Is Search Shrinking?

I spent this week moderating a dozen or so sessions at the biggest Search Engine Strategies (SES) conference ever. More than 6,500 delegates packed the New York show.

Outside the exhibit halls, meanwhile, it appeared the sky was falling — not that any of the hardcore search insiders at SES paid all that much attention, frankly. What happened was Google CFO George Reyes publicly uttered the unspeakable: “Clearly our growth rates are slowing.”

Google’s share price slid and — poof! Search is over, or at least you’d think so judging from this week’s headlines in mainstream and financial media. Dispatches concerning Google included headlines such as: “sounds an alarm,” “spins its wheels,” “spooks market with specter of slow growth,” “bubble banners,” “loses its go-go,” “soft underbelly is contagious,” and “investors focus in on its risks.”

ComScore Media Metrix, meanwhile, issued the dire pronouncement that search queries grew a mere 11 percent in January 2006 compared to January 2005 (oh, and by the way — Google’s market share increased).

Back in New York City, 6,500 marketers and advertisers were packing SRO sessions on search at the four-day, four-track event. Talk about cognitive dissonance.

Is search over? Hardly. Not when Carat CEO David Verklin told an audience at a Yahoo event last week that search is, in essence, the future of advertising. When, in fact, virtually all the global ad agencies are developing in-house search expertise. Not when a friend who launched a new search ad firm six months ago told me over dinner last week of the blue chip clients his new shop has landed. That’s led to near-immediate positive cash flow and profitability.

So what’s going on here, anyway?

For one thing, search is a maturing industry. It’s moving out of a period of hypergrowth, not to mention hyper-hype, fueled largely by Google’s own dazzling IPO. It’s come a long way since 2003, when advertisers paid an average $0.35 per click on a paid search ad.

According to the Search Engine Marketing Professional Organization’s (SEMPO’s) most recent survey, North American advertisers spent $5.75 billion on SEM (define) in 2005, 44 percent more than 2004’s reported $4 billion. This year, they plan to spend $7.2 billion, rising to $11.1 billion in 2010. The bulk of this spend (83 percent) will be on paid placement. And more and more marketers will look to search for branding, not just direct sales.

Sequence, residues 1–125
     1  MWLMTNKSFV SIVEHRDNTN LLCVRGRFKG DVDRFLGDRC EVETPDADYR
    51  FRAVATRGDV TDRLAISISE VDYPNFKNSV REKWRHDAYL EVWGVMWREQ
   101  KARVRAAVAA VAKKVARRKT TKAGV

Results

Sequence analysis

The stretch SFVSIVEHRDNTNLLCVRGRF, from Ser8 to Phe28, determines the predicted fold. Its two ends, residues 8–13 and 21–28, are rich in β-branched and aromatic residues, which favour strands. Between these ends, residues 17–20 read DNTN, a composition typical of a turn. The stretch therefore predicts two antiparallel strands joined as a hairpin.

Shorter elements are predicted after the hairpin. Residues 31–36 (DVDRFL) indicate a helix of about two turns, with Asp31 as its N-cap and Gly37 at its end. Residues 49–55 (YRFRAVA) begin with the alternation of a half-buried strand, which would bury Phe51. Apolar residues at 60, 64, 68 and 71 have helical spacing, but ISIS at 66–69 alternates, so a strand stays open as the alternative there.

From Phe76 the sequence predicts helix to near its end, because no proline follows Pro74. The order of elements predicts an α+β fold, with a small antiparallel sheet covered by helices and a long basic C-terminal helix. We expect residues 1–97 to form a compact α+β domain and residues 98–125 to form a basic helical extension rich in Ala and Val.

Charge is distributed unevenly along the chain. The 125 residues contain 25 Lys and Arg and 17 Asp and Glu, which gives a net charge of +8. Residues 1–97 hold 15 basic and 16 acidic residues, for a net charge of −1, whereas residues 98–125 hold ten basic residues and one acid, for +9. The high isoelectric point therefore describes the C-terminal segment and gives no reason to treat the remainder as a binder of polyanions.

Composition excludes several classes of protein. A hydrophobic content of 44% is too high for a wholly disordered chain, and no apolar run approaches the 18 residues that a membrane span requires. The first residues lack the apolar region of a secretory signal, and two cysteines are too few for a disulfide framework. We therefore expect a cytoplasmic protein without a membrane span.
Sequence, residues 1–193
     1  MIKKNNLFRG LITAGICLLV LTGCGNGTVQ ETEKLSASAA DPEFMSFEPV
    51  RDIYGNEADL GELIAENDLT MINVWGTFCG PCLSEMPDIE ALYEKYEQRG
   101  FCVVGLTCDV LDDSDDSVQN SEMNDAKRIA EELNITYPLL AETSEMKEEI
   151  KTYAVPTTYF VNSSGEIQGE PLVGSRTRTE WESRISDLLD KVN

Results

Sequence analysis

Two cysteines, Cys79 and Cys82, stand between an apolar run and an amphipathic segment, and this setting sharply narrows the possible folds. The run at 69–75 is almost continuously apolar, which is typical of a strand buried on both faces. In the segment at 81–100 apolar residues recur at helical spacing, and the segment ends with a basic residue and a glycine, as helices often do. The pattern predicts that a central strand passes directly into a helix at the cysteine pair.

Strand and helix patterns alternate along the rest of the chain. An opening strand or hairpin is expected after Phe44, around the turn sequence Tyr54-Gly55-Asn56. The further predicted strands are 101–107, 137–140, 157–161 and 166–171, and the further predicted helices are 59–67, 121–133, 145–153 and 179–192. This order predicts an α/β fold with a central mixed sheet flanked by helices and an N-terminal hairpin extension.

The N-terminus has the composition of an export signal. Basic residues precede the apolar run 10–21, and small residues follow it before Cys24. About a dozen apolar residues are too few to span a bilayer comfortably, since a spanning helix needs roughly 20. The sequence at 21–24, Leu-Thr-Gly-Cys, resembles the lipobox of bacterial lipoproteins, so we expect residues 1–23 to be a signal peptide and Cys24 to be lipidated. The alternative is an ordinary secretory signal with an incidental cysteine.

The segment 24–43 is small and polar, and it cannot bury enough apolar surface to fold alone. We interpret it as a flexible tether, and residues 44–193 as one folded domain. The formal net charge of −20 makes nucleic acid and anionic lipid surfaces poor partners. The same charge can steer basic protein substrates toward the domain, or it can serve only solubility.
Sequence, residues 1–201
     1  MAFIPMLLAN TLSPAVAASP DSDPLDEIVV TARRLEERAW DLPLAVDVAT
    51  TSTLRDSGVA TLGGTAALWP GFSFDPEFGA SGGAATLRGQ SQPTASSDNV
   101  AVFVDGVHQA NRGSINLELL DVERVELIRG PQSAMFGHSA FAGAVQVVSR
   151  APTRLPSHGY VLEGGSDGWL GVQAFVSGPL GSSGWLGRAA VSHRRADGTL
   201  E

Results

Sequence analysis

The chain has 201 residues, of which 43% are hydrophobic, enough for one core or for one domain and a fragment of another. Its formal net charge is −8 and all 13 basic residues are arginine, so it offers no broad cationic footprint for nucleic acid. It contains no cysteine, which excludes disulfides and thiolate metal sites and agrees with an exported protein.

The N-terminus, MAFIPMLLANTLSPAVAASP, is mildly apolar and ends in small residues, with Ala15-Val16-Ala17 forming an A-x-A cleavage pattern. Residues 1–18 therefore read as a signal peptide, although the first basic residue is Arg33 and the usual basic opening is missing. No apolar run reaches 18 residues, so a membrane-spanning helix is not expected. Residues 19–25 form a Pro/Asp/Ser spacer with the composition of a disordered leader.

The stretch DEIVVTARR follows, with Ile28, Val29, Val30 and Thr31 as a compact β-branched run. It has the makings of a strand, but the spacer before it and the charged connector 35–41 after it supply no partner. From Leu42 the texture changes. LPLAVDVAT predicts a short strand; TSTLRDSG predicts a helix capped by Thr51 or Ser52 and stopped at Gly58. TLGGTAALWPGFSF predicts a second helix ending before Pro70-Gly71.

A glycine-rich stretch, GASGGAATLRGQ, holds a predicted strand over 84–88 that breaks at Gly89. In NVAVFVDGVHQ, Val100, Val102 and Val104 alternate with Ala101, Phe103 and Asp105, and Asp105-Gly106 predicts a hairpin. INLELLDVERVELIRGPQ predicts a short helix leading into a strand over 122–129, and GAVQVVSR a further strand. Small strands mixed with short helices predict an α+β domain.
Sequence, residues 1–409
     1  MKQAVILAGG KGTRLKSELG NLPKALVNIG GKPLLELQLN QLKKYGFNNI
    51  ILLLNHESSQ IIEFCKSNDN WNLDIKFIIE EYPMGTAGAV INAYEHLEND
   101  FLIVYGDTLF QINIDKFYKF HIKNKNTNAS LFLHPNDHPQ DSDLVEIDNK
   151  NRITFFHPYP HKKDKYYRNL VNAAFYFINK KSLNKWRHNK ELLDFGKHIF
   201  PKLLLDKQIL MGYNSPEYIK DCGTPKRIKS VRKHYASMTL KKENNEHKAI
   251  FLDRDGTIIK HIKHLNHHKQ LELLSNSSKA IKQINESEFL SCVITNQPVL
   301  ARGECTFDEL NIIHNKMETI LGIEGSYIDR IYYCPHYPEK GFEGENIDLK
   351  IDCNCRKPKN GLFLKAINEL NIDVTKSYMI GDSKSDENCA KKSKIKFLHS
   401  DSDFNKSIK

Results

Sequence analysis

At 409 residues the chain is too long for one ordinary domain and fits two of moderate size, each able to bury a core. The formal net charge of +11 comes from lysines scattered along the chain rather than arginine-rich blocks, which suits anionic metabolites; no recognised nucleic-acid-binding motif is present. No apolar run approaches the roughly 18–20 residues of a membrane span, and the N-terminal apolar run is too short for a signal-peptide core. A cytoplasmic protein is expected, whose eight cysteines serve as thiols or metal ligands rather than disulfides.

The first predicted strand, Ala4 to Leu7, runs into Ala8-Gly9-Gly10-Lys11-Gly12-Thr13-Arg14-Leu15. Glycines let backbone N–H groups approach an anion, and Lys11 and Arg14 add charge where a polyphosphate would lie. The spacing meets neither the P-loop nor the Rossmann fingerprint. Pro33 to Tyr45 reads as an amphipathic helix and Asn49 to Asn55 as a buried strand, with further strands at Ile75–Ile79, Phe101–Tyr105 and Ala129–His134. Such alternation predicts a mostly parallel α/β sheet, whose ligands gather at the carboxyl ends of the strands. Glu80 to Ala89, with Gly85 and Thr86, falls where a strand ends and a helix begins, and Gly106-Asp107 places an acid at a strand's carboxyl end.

Piper Jaffray says the paid search industry hit $10 billion globally last year and estimates it will reach over $33 billion in 2010.

Sure, there’s some flattening in the market. Internet adoption in the U.S. has slowed to a crawl, for one thing.

Search Engine Watch’s Chris Sherman also believes there’s a technology factor behind Reyes’ statement. He told me this week, in essence, that Google has optimized the black box as much as it can to squeeze the most revenue out of its advertisers. There’s a limit to how good the algorithm is going to get.

Spiraling keyword prices have also conferred a bit of a bad rap on the engines. As Did-It cofounder, SEMPO head, and ClickZ colleague Kevin Lee likes to say, keyword auctions are populated by two types of participants: savvy marketers and total lunatics. Follow the lunatics’ lead and you’ll be burned.

Recently, seasoned Internet businesses, including FTD, eBay, and Blue Nile have publicly and vociferously complained of keyword prices rising as high as 50 percent. In Blue Nile’s case, “irrational behavior” in Google’s keyword pricing took the blame from founder Mark Vadon for the company missing its Q4 2005 numbers.

Sure, keyword prices are rising. In some verticals, they’re soaring to dizzying heights. But as advertisers become more creative in their use of keywords (not to mention their integration with broader campaigns) and as new Fortune 500 and brand advertisers enter the fray in 2006, it’s hard to see search advertising flat-lining any time soon.

We’ve Only Just Begun

Contextual advertising from the search engines is another burgeoning marketing. OK, so it’s not exactly search. But revenues from Google AdWords, Yahoo’s still-in-beta Publisher Network, and the service everyone expects MSN to release sometime this year will all be counted as search advertising in financial statements. The major search players know this and are rolling out inventory-creation opportunities for their users in the hopes of monetizing these services. These include blogs on MSN, Yahoo Small Business, and the latest entrant, Google Page Creator.

Meanwhile, a wealth of features is being developed for contextual. I had a peek yesterday at what Google and Yahoo are doing to tailor and customize ads for publishers. Features include adding a media kit page to ads with seasonal features and the ability to run ads on tiny site sections, such as individual blog entries.’s SVP of product management Dae Mellencamp is fairly certain behavioral features will be integrated into future contextual products to target ads on a more individual level. I doubt she’s wrong — not that the engines are telling right now. If she’s right, behaviorally targeted contextual ads open up a premium-priced product for the search engines.

Like contextual placements, classifieds aren’t exactly search, either. But still. Google Base is up and running, and this week MSN launched a beta of its own classified ad product. They’re going up against the craigslists and eBays of the world. After all, eBay does bill itself as the world’s largest shopping search engine.

Then there are the barely-off-the-ground specialized search products from the majors: shopping, mobile, and local. Local search alone is forecast by the Kelsey Group to be a $13 billion industry by 2010.

Search’s period of hypergrowth may well be coming to an end. That’s hardly a bad thing. But rumors of its death? Greatly exaggerated.

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